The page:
we like it wild: fall collection board

After a few weeks of unusually high temperatures for this month, we are finally feeling autumn in northern California. Always inspired by the wild plants that cover the roadside and hills, we thought we’d bring some fall inside by making a collection board. We took the dogs and collected bits of weeds from our overgrown backyard and a hillside behind our house. Though most of the plants we came across had finished blooming for the season, their new fall colors and interesting structures gave them a second wind. We are always amazed to see the evolution of the beginning of a green shoot in the spring to a flower in summer and a seed pod in the fall.

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One of our favorite parts of putting together a collection board is identifying our specimens. Amateur botany can be really fun if you have a little guide that illustrates different weed structures and helps you put names to “faces.” Discovering, collecting and labeling is also a great activity to do with kids (just avoid sharp barbs, thorns and poisonous leaves).

Collection Board Materials

  • 18” x 24” corkboard
  • staple gun
  • 22” x 28” piece of quilt batting
  • 22” x 28” piece of canvas fabric or burlap
  • T-pins (available at the fabric store)
  • fall specimens


1. We started our project with an old, unused corkboard. Lay the piece of canvas on the table (it helps to have it ironed and smooth), then lay the quilt batting on top of the canvas. Place the corkboard (cork side down) on top of the batting.

2. Start from the middle of one of the long edges and staple (like stretching a canvas, if you’ve ever done that). If your board has a backing, you can staple into that, but if it is double-sided cork, you’ll need to staple into the wood edge of the frame. Stretch tight across and continue stapling out from the middle until you reach the ends. Repeat on the shorter sides. Fold each of the corners up and staple. If the edges stick up too much just run a strip of heavy tape along the edge to hold it down.

3. Next, arrange your specimens on the board. You can use weeds you collect, small gourds, pine cones, nuts, rocks or anything else that inspires you.

4. Try to vary the way you arrange the items like we did below to make the display more interesting:

  • Open up a tiny pod and show off the pretty black seeds. It is sometimes easier to glue delicate items to the board instead of pinning.
  • Try cutting the round heads off of pods and display them without their stems.
  • Make tiny bundles of delicate stems and bind with string or twine.
  • Display a flower and its seeds next to each other in tiny bottles and attach to the board with twine and a pin.

5. Place and pin!

Have fun and enjoy fall!

Karen E

Great post! It’s so refreshing to see design ideas that have nothing to do with commerce, spending, and the waste stream. I can almost taste that Northern California fall air.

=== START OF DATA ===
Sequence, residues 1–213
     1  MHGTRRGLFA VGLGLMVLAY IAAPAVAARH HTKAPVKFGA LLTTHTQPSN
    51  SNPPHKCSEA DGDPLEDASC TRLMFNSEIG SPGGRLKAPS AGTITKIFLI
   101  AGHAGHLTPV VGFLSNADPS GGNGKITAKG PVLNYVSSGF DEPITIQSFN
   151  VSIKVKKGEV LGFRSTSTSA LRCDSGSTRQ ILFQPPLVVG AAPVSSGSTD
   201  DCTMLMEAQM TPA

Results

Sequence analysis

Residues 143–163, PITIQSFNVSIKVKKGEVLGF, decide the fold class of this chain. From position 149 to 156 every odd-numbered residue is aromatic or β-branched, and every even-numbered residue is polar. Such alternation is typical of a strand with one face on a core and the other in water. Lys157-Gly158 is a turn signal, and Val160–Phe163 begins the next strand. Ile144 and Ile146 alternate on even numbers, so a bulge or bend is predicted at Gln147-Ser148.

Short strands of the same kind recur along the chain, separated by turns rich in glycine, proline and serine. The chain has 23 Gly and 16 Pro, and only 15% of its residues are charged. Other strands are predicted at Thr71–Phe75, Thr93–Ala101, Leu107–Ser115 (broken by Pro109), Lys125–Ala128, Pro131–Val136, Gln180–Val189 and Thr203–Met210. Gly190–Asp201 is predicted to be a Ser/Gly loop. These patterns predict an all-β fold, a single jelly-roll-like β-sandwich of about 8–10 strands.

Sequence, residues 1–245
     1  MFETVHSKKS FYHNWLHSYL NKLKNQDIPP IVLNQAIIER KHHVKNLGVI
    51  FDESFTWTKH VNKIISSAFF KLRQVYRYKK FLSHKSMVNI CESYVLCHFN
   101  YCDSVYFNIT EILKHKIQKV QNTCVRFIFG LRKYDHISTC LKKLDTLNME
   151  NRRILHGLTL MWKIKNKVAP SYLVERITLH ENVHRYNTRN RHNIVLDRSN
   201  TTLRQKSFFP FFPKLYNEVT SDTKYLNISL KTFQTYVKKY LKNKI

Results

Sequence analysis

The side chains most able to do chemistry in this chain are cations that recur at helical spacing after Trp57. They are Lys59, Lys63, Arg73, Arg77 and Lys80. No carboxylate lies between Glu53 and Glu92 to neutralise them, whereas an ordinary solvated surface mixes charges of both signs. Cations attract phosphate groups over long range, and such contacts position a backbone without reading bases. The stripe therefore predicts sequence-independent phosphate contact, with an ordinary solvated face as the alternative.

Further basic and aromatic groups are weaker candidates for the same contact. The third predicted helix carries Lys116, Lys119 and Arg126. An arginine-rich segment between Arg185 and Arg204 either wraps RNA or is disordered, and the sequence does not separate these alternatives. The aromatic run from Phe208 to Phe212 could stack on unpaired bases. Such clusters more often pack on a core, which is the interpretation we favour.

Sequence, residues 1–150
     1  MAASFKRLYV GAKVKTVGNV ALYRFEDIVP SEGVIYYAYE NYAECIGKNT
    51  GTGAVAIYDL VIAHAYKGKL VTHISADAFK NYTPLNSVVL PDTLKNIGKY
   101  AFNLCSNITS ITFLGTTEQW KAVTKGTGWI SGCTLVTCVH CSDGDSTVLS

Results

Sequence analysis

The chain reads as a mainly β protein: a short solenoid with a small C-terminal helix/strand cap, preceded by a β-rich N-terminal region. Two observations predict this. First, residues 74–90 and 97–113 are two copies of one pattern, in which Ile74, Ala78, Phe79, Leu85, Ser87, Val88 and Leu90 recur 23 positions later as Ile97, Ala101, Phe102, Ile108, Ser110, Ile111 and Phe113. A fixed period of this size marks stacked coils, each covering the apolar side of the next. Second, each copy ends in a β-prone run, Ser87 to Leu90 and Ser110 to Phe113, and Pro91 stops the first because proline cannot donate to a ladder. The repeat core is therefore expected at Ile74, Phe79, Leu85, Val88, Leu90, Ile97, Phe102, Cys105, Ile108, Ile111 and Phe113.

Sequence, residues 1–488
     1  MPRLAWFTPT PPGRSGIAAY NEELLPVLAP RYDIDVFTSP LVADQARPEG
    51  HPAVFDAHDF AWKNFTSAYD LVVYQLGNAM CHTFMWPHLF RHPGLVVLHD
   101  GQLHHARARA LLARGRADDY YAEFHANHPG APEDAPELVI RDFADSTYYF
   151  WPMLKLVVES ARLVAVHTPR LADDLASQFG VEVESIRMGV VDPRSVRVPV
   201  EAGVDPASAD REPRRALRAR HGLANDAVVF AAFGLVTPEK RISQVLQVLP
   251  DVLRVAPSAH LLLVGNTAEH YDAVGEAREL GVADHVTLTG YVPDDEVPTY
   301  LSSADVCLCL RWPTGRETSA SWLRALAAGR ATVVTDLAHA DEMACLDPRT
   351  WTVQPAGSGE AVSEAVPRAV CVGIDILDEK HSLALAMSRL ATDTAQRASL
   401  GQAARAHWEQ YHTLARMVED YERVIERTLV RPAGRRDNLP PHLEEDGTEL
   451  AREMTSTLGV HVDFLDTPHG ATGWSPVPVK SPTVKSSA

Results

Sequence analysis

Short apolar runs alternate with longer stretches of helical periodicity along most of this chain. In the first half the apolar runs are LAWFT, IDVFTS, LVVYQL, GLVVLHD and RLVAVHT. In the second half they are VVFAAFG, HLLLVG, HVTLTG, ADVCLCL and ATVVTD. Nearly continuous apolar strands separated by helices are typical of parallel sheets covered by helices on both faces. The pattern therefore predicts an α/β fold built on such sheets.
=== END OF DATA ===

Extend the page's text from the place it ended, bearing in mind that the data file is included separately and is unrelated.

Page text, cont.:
Beautiful! I love living in NorCal – love the colors and seeing all your happy dogs. Is that near the headlands?


I love this…going to take my 9 year old hiking and make one for ourselves!!! I also love the fact that it is free, natural and doesn’t involve shopping. I am getting a little soured by all of the design blogs promoting products…ie stuff! Nature is so much more awe inspiring! Thanks this was the sweetest one yet and love the sweater!!!


I love your sweater! And your dog’s sweater! I can’t wait to wear a sweater and go out hunting for fall weeds! Unfortunately, here in Tennessee, it’s still to hot to wear a sweater like that, and most of our plants are still green:(


I love this post. When I was very young, we would spend our time after school – until dark – in the fields collecting weeds for dried arrangements. This brought back those memories.


I’d also love to know what kind of doggies you have – my Betsy has a similar coat to the b&w ones!

Looks like you picked a wonderful way to spend the day!


alethea’s awesome sweater is from h&m! the outdoor photos were taken in the hills of pacifica. and the 2 big dogs are both cattledog mixes- they are adopted so we are not completely sure what they are. we were told the littler guy was a corgi mix.


Lovely idea as always. I did a mini version of this with my little ones. Instead of pinning the specimens, we used light sensitive paper and transferred the shapes of fall leaves and grasses.


wonderful eye on detail, beautiful cattledogs too (my fave). Reminds me of my daughter’s insect collection from college.


you guys always have my favorite posts here, and this time is no exception! as a girl here in the bay area i used to collect things just like you and seeing your board is inspiring and also brings back sweet memories! my house is still filled with pinecones and rattlesnake grass.


OMG- i just love this post.. and that last shot is amazing! we like it wild is a favorite inspiration <3

Alicia Lee Wade

Great Post. I’m happy I’m not the only person exploring the natural treasures of the earth and documenting it. it’s inexpensive and fun to make postcards of these type of collections too. And oh my what a great idea for poster prints !

Christina W

I love the puppies! I am an owner of a Blue Heeler named Roxy. The post is great but the dogs make the whole thing!

Miriam Karp

Does anyone out that have a good (preferably non-toxic) spray to recommend so that the twigs and pods don’t disintegrate in a few months? Or get eaten by little bugs?

I have a blue healer cattle dog that looks very much like your mix, but longer legs. What a cutie!

Barb-Harmony Art Mom

We are working on a winter weeds project and this is perfect! We live in N CA too but in the foothills of the Sierra.

Thanks so much for the wonderful post and I will be linking later this week in my Winter Weed blog entry!

mike sulavin

what are the thing that have a stick and a pine cone thing
on top with thorns